This week: EM currencies see sell-off, Indian rupee hits all-time low against U.S. dollar and Amazon reaches trillionaire status.
The recent sell-off in emerging-market (EM) equities has reverberated around the globe. South Africa, Russia, Mexico, China and Indonesia have all suffered, and the broader MSCI Emerging Markets Index has fallen by almost a fifth since its 2018 high point back in January.
EM currencies have also been affected. While Argentina and Turkey have garnered the headlines as the value of their currencies has slumped over the past few weeks, the anxieties are spreading to countries with current account deficits such as South Africa and India. The South African rand slid more than 3% on Tuesday after official figures revealed that the country entered a recession in the second quarter.
Meanwhile, the Indian rupee hit an all-time low against the U.S. dollar at close of business on Wednesday. There were incipient signs of stabilization towards the end of the week though, with the Turkish lira and Argentine peso staging a measure of recovery on Thursday.
Continued nerves about global trade surrounding U.S. tariffs and emerging markets turbulence combined to sour sentiment in the more developed economies. European shares were down, with the FTSE World Europe (ex UK) Index dropping 2.4% for the week to Thursday’s close.
Wall Street, too, was slightly lower with the S&P 500 0.8% down on a combination of emerging market concerns and a slide in technology stocks. The tech-based Nasdaq index fell 2.3%. The FTSE 100 was 1.5% down.
King condemns the Chequers castle, but sterling conquers
The Brexit barricades took another bombardment, as a former Bank of England (BOE) governor joined the offensive. Mervyn King derided UK Prime Minister Theresa May’s Brexit plans, stating it “beggared belief” that the sixth largest economy in the world would resort to stockpiling medicines and food. This, he said, illustrated “a whole lack of preparation” for a no-deal Brexit.
Currency traders did not appear to share Lord King’s gloomy prognosis though. Sterling moved sharply higher on Wednesday following reports that the UK and Germany had made progress on Brexit discussions. News agency Bloomberg reported that Germany was prepared to accept a less detailed agreement on the UK’s future economic and trade ties with the EU in order to get a deal done.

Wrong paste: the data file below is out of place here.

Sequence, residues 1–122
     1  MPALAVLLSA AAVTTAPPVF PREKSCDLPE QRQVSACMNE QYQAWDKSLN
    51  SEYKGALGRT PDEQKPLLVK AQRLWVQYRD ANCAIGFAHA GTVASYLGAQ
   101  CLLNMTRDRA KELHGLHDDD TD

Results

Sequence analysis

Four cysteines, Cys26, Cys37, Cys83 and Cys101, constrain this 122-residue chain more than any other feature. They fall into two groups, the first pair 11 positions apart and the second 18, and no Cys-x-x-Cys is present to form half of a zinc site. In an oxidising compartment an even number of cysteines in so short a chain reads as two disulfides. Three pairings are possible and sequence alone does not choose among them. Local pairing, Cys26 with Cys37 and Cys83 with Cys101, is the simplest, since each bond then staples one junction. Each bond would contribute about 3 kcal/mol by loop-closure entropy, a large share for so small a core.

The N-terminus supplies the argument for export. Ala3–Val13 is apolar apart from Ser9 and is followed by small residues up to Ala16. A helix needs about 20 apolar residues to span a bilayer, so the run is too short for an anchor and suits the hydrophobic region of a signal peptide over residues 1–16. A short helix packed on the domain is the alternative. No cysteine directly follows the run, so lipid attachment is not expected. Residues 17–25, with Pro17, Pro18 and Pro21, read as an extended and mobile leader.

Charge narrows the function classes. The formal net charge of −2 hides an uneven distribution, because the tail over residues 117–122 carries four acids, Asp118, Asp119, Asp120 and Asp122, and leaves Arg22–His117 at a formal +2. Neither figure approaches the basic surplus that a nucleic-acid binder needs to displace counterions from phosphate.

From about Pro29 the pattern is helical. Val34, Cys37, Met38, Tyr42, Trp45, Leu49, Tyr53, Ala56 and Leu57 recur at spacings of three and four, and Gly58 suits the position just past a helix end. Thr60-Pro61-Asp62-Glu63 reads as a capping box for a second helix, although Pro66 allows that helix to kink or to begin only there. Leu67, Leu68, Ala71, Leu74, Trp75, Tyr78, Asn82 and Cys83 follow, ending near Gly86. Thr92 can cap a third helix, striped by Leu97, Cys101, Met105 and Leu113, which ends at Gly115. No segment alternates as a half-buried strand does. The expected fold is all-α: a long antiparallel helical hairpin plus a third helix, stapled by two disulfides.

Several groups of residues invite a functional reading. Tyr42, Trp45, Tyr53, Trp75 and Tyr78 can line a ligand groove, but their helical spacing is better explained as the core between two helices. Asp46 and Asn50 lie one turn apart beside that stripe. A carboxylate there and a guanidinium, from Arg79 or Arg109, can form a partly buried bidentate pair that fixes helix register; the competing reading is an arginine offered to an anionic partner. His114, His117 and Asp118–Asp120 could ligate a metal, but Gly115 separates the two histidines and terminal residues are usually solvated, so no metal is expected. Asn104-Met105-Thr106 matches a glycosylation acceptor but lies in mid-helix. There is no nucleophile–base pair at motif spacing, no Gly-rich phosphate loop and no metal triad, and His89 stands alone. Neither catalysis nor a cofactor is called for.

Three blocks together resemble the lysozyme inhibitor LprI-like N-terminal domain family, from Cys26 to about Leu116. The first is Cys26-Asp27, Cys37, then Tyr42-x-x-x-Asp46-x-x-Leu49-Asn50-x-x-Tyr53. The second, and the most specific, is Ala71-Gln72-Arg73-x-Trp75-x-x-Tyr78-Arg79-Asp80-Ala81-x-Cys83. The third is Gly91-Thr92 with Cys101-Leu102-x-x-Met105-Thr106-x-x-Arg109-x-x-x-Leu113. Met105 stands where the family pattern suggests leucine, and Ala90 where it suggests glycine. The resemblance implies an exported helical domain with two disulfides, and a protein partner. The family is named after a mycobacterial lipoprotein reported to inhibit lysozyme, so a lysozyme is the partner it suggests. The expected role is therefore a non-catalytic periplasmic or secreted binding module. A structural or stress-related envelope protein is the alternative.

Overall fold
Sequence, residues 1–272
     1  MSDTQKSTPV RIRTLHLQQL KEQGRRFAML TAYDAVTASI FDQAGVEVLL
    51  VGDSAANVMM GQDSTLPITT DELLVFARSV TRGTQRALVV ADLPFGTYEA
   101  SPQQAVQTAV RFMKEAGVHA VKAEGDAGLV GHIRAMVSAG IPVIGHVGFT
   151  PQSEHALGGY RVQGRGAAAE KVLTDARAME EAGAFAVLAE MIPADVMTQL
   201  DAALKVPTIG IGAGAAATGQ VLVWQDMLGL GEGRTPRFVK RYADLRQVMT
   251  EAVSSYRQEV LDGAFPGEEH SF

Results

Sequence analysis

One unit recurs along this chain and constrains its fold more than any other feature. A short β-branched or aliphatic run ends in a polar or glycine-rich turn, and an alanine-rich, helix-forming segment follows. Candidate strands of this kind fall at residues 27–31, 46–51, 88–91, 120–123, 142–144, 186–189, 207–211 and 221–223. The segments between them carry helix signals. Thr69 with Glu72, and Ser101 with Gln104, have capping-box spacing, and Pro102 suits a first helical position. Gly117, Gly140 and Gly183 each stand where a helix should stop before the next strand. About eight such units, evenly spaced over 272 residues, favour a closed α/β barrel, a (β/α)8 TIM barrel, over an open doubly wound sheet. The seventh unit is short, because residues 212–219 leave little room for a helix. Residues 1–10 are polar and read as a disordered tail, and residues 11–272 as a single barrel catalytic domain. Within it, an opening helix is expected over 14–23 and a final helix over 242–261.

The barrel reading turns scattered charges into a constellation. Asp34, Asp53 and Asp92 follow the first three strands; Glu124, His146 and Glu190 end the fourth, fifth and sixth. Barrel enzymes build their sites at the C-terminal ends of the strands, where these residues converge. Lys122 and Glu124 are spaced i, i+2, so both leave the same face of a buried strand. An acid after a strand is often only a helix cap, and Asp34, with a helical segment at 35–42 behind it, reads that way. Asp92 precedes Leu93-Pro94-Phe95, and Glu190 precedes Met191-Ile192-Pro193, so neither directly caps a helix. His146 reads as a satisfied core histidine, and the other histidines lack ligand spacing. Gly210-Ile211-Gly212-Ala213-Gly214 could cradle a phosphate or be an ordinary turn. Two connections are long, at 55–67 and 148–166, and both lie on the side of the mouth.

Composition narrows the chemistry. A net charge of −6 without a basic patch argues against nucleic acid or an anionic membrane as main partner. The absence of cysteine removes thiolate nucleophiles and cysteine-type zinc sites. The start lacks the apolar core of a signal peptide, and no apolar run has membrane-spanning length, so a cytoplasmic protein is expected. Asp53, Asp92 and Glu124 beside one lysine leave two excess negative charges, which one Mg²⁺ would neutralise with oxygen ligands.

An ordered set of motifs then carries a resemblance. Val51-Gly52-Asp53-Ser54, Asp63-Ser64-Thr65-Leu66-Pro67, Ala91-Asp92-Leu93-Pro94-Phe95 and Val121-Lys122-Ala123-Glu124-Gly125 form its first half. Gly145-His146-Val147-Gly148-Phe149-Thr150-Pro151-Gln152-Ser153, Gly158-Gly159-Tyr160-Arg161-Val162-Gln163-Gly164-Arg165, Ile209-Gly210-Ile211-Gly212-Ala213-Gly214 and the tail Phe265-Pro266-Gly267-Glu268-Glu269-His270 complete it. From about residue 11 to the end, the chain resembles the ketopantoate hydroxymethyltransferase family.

The news left sterling 1% higher on the day against the U.S. dollar, and 0.6% up against the Euro. However, the sterling recovery caused the FTSE 100 to slip to its lowest level since April. Many index constituents derive the bulk of their revenues from overseas, and big U.S. dollar earners such as Burberry and WPP felt the pressure.
Amazing Amazon joins the trillionaire club
Amazon this week became the world’s second $1 trillion company by market capitalization, having been pipped to the post by iPhone-maker Apple last month. After an extraordinary surge which has seen the price of its shares more than double in 12 months, Amazon has found its way into the trillionaire club from its humble beginnings back in 1994 as an online bookseller.
Not all that “meats” the eye
Summer BBQs might leave a sour taste in the mouth as a newly-published report revealed the troubling extent of hybrid hotdogs and blended Bolognese in the UK. More than a fifth of meat samples in 2017 across supermarkets, restaurants and food plants in the UK were found to be contaminated with other animals’ DNA, with a stomach-churning 145 out of 665 being partly or wholly made up of “unspecified meat.” The food most prone to adulteration were lamb, mincemeat, sausages and kebabs. These statistics are redolent of the horsemeat scandal of 2013, and while the 2017 samples were clear of horse meat, one sample, purporting to be ostrich meat, was found solely to contain beef.
Edinburgh excavators treading caerphilly on archaeological sites have uncovered a brie-lliant discovery. Ancient pottery pieces extracted from the ground are taking us backwards to when edam was made with cheese residue being found on the remains of drinking horns and sieves as far back as 5200BC. No wonder it’s mouldy.
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